Thursday, March 24, 2016

Natural Pollinators

New Apartment II
Last year I noticed some Mason Bees were building nests in one of the trees in my yard. Some of the branches had been cut, and the critters had tunneled into the soft cores (doesn't hurt the tree). So I hung up a solitary bee house that I bought from Crown Bees in it. I had the house sitting on my patio table and a female was already making egg chanbers, so placing it on the tree that I saw the other bees nesting in seemed like a logical choice. The image to the upper right is one of the girls starting her day.

Last weekend I noticed that some spiders had set up shop in my bee house. Normally I'd let nature take its course, but that was my house and my bees. Since it was warm (17C/62F) I thought some of the bees might hatch while I was cleaning the house so I got my camera ready. Here's a shot of one of the original bee's daughters hatching out of a cocoon:

Hatching Female Red Mason Bee

I may have more than one species of Mason Bee in my yard, because there are some clear differences in the males that I shot last year...

Tree House II

...and the males that hatched out of my bee house last weekend...

Newborn Red Mason Bee II

Newborn Red Mason Bee III

...but they had to be the sons of one or more of the females that were building egg chambers in the bee house. Irregardless of who the parents are I can't be happier about seeing a larger population of native pollinators in my yard! We have a pretty small garden and yet we end up giving away a lot of vegetables due to all of the solitary bees. Best of all they are really docile and only the females have a stinger -and you'd have to really manhandle one of them to get stung. As for those sometimes scary looking mandibles I've never once been bitten.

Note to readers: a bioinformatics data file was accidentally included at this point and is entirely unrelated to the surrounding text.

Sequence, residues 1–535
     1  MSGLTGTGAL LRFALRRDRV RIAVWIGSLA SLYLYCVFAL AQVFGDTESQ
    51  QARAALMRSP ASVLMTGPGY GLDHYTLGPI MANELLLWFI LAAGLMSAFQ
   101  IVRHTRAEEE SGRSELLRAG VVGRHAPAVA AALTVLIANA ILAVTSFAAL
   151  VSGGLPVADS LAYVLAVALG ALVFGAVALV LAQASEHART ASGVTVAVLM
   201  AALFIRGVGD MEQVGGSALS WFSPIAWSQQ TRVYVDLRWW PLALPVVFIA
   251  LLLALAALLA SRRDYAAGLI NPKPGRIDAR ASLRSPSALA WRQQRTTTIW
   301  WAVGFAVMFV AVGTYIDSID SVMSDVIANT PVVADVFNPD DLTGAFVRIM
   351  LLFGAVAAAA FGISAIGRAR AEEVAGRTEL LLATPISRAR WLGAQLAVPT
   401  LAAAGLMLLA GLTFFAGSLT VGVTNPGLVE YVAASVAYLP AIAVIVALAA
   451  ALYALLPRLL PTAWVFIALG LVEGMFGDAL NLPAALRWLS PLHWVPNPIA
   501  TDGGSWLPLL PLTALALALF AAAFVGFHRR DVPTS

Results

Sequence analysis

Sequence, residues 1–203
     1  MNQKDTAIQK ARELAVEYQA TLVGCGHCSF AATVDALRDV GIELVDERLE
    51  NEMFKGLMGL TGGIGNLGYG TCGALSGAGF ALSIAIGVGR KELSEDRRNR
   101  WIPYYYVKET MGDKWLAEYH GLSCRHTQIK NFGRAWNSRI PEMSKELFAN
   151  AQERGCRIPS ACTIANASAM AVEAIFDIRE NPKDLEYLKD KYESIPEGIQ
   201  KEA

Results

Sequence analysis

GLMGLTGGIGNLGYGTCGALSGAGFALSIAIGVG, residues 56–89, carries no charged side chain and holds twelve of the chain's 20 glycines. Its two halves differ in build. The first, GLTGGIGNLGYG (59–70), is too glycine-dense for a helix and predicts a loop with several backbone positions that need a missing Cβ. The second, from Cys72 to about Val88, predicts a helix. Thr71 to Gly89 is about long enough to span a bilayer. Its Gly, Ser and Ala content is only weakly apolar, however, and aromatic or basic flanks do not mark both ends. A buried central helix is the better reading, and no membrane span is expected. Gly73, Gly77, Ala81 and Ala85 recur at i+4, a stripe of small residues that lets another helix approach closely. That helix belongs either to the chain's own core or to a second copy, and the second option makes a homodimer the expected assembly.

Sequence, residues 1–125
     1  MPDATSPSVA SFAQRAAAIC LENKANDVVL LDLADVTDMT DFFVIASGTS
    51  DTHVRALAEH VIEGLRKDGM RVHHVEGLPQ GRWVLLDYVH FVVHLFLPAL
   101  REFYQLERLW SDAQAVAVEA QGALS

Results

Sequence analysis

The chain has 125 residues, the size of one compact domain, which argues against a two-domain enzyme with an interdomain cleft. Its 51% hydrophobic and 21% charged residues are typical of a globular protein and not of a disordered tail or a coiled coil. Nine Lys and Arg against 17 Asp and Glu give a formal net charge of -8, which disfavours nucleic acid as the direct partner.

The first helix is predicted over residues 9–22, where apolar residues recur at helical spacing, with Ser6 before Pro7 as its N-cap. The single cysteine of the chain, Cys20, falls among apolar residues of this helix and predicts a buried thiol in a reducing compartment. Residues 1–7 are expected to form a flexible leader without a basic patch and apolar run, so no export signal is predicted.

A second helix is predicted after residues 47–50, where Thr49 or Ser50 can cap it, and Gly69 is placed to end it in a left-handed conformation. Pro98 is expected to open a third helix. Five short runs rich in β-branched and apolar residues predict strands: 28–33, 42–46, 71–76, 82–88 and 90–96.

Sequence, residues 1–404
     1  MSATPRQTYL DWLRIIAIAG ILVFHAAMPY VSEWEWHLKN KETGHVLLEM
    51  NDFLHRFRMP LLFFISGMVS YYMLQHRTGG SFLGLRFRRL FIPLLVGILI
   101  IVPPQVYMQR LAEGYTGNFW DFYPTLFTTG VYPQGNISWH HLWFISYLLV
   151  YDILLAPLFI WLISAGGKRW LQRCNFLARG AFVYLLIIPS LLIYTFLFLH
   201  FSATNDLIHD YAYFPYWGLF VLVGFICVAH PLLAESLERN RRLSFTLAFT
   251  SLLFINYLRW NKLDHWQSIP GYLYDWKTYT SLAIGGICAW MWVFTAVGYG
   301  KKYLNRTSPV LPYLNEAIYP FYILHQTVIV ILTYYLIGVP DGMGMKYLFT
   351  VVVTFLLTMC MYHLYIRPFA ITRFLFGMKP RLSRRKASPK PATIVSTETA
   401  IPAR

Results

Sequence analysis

Newborn Red Mason Bee I

Why am I telling you this? Because natural pollinators are very important! I'm sure you've read in the news about colony collapse disorder (CCD). What you might not have heard about is the decline of natural pollinators. Most solitary bees are really good at pollinating crops because they are actually pretty bad at collecting pollen. Honeybees and bumblebees have pollen baskets on their hind legs and they pack pollen into it and use nectar to make it sticky:

Bees in a Wallflower Series 1-2

Once that pollen is glued down it's not coming off until the bee takes it off. Mason bees don't have a pollen basket and rely on the static electricity that builds up in their hairs to attract and hold pollen. So when they land on a flower to collect pollen they roll in the flower like a pig playing in the mud, and in the process spread some of the pollen that they had already collected from another flower. Also since not every flower is exactly the same some are pollinated better by different species of bee, so the more species you have foraging for nectar in your garden the better.

If you want to encourage natural pollinators in your yard or garden then check out Crown Bees -that's not an affiliate link. I'm sending you to Crown Bees not to make money off of you but because they sell quality products, have great resources on their web site (plus videos on You Tube), and excellent customer support. They can help you start your own colony of natural pollinators :)
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